- Executive Office of Energy and Environmental Affairs
- Massachusetts Emergency Management Agency
Media Contact for State Announces Drought Conditions in Several Regions of Massachusetts
Craig Gilvarg, Press Secretary
Boston — Low precipitation since May and recent above normal temperatures have led to drying conditions across the Commonwealth and steep declines in precipitation and streamflow in several regions. As a result, Energy and Environmental Affairs (EEA) Secretary Kathleen Theoharides today declared a Level 2 – Significant Drought in the Connecticut River Valley, Western, Central, and Northeast regions, and a Level 0 – Normal Conditions for the Southeast, Cape, and Islands regions. At Level 2 – Significant Drought, as outlined in the Massachusetts Drought Management Plan, conditions are becoming significantly dry and warrant detailed monitoring of drought conditions, close coordination among state and federal agencies, emphasis on water conservation, more stringent watering restrictions, and technical outreach and assistance for the affected municipalities.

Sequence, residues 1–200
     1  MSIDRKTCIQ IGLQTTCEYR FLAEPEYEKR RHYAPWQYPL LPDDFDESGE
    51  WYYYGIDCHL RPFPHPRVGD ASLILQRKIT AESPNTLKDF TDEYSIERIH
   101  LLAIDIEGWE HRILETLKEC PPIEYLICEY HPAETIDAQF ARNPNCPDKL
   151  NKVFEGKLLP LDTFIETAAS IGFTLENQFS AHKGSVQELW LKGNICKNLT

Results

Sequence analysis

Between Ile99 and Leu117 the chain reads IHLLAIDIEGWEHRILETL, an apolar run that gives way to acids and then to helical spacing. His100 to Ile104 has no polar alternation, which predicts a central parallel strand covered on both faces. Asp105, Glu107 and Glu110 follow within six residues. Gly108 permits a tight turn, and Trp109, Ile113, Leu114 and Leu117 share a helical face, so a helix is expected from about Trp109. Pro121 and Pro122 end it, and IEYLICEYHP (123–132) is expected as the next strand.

“The Baker-Polito Administration continues to closely monitor the very dry conditions, and this drought declaration is an important tool which will help officials on all levels of government to work together to address the drought,” said Energy and Environmental Affairs Secretary Kathleen Theoharides. “While the dry conditions continue and as we enter the summer months, we ask residents and businesses to aggressively conserve water and take increased care with any outdoor burning.”